What sounds like the holy grail of medicine is the most serious goal of a young biotech company from Gosselies’ BioPark, GenFlow Biosciences. This small company, one of the last to have emerged in the carolo pole of life sciences, has embarked on the development of therapies to counter the effects of aging and diseases associated with old age. Its creators are showing ambition as they are planning a clinical study on humans in the next two to three years and above all, have just launched a procedure for a listing on the London Stock Exchange.
“The idea is to keep people healthy for as long as possible, not to live as long as possible” enthuses Eric Leire, co-founder and CEO of the company. This medical immunologist has managed several biotechnology companies and participated in the development of the first treatments against AIDS. After moving into immuno-oncology, he then became interested in the biology of aging “We’re talking about being able to live to be 130 years old. But that’s not our main goal. It wouldn’t make sense if it was to add 30 miserable years to your life. We want to add years, while living in very good health. It’s possible “.
If Eric Leire is so assertive, it is because two things have changed the situation in recent years. The first is a better understanding of the biology of aging, which we can now act on. “In 2012, the 9 main criteria that lead to aging were highlighted, such as senescent cells, mitochondria which function less well, telomeres, epigenetic problems …” Many companies have decided to specialize on one of these factors in particular. Problem, this necessarily limits the effectiveness. “At GenFlow”, adds Eric Leire, we want to act on several of these criteria. This is possible thanks to a gene dedicated to repair called sirtuin 6 (SIRT6), this acts on several of the 9 criteria, those which are considered to be the four primary markers ”.
The second factor that paves the way for treatments to fight aging is progress in gene therapy. Very expensive and imprecise at the beginning, these are becoming much more accessible. This is also what played in the decision of the founders of GenFlow to set up the company in Gosselies, where there are no less than three groups -Catalent, Thermo Fisher and Exothera- specialized in the supply of gene and cellular material.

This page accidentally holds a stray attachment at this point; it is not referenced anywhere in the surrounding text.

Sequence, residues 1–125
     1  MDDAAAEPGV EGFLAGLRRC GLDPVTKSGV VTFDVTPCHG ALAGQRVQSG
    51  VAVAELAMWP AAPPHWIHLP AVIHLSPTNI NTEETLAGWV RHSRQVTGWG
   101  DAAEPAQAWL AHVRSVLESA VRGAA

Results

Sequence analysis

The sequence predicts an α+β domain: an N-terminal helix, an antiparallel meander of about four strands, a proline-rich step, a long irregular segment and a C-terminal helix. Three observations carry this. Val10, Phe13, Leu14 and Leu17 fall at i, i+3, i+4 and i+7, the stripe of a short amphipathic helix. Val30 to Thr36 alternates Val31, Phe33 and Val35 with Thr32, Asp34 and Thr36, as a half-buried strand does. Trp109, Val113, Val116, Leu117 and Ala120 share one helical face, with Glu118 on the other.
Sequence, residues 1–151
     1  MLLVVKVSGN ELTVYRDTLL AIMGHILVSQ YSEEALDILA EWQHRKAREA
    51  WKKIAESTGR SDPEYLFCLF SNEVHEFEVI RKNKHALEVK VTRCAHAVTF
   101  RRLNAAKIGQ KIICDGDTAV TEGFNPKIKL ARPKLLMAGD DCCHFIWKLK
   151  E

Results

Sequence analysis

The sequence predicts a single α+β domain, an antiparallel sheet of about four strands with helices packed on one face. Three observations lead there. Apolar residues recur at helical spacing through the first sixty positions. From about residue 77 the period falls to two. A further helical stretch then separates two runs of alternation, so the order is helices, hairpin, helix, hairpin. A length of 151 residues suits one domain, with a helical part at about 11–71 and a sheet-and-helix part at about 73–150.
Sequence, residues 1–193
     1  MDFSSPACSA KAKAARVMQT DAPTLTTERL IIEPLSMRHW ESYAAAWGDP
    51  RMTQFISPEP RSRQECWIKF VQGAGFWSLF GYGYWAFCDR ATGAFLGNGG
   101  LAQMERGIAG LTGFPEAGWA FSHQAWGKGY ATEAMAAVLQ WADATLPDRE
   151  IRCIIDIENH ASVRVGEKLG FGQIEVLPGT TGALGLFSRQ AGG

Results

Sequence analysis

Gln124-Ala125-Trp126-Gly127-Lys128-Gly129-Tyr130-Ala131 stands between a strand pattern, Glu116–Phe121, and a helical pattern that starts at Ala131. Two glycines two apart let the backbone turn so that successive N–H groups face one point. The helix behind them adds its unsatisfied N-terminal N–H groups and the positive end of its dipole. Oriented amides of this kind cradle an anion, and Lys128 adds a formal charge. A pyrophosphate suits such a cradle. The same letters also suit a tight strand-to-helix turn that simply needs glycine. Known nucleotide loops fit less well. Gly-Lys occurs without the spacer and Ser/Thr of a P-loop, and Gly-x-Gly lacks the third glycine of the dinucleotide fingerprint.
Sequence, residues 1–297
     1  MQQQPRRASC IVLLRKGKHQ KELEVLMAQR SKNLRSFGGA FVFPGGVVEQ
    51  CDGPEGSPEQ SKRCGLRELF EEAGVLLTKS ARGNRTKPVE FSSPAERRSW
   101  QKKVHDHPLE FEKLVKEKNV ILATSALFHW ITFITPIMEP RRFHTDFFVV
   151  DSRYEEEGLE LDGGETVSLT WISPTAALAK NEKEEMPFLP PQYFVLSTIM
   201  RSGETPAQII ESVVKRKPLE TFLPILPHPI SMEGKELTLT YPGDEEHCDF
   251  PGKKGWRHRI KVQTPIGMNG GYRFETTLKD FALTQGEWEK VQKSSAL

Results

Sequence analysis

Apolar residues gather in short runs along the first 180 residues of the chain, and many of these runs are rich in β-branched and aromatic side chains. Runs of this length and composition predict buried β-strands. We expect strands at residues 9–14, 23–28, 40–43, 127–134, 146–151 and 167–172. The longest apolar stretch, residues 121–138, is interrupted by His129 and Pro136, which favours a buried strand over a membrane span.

“By combining these two factors, we have developed gene therapy tools that make it possible to deliver additional copies of the sirtuin 6 gene, without integrating them into the chromosomes. This removes the ethical constraints and the problems of mutagenesis. This gene is not passed on to offspring. This at prices which remain very affordable and with a very good safety profile ”. Another progress that has allowed GenFlow to embark on this adventure: the contribution of “big data”, which makes it possible to measure biological age with precision.
Concretely, the CEO says he is capable of producing, within ten years, a standard treatment in the form of intravenous infusion, without hospitalization, which would give a “boost” for 4 or 5 years. According to Eric Leire, the proof of concept has already been established. A first clinical study in humans should be able to be launched in two to three years. But there are still some obstacles: for now, regulatory agencies (FDA, EMA …) do not register drugs specifically dedicated to aging, which they do not consider a disease. “There are around 170 companies around the world developing therapies for aging, very few of which use gene therapies. But none does so by specifically mentioning aging as an indication. They target type 2 diabetes, Alzheimer’s … “
This is the same strategy that GenFlow will follow, which should test its product, specifically targeting progeria, more specifically Werner Syndrome, a disease of early aging. “It will be a gateway to a real indication of aging. It is believed that it will have an evolution and that some agencies will soon accept aging as indications “.
According to the CEO, while the US is already doing a lot of work on these issues of slowing aging, Europe should also take an interest in view of its declining demographics and the ever increasing number of elderly people. “We must have older people who contribute to society, this is an economic and social imperative,” concludes Eric Leire.
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